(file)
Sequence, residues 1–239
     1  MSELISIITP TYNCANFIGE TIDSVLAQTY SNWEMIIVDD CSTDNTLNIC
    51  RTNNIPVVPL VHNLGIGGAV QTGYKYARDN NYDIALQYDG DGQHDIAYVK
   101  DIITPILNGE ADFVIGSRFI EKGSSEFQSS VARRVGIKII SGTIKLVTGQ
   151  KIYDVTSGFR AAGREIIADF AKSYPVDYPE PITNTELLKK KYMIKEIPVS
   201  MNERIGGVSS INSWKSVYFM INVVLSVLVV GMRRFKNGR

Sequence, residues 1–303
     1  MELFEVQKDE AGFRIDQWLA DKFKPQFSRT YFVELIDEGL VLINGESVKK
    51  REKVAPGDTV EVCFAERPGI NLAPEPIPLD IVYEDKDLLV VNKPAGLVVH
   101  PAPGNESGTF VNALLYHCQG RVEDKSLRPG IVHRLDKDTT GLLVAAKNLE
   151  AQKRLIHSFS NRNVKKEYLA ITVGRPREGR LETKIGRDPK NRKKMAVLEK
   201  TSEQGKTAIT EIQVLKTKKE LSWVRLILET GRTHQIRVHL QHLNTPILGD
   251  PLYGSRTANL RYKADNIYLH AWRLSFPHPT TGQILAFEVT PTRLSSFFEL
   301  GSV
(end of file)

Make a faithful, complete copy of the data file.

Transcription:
Sequence, residues 1–239
     1  MSELISIITP TYNCANFIGE TIDSVLAQTY SNWEMIIVDD CSTDNTLNIC
    51  RTNNIPVVPL VHNLGIGGAV QTGYKYARDN NYDIALQYDG DGQHDIAYVK
   101  DIITPILNGE ADFVIGSRFI EKGSSEFQSS VARRVGIKII SGTIKLVTGQ
   151  KIYDVTSGFR AAGREIIADF AKSYPVDYPE PITNTELLKK KYMIKEIPVS
   201  MNERIGGVSS INSWKSVYFM INVVLSVLVV GMRRFKNGR

Sequence, residues 1–303
     1  MELFEVQKDE AGFRIDQWLA DKFKPQFSRT YFVELIDEGL VLINGESVKK
    51  REKVAPGDTV EVCFAERPGI NLAPEPIPLD IVYEDKDLLV VNKPAGLVVH
   101  PAPGNESGTF VNALLYHCQG RVEDKSLRPG IVHRLDKDTT GLLVAAKNLE
   151  AQKRLIHSFS NRNVKKEYLA ITVGRPREGR LETKIGRDPK NRKKMAVLEK
   201  TSEQGKTAIT EIQVLKTKKE LSWVRLILET GRTHQIRVHL QHLNTPILGD
   251  PLYGSRTANL RYKADNIYLH AWRLSFPHPT TGQILAFEVT PTRLSSFFEL
   301  GSV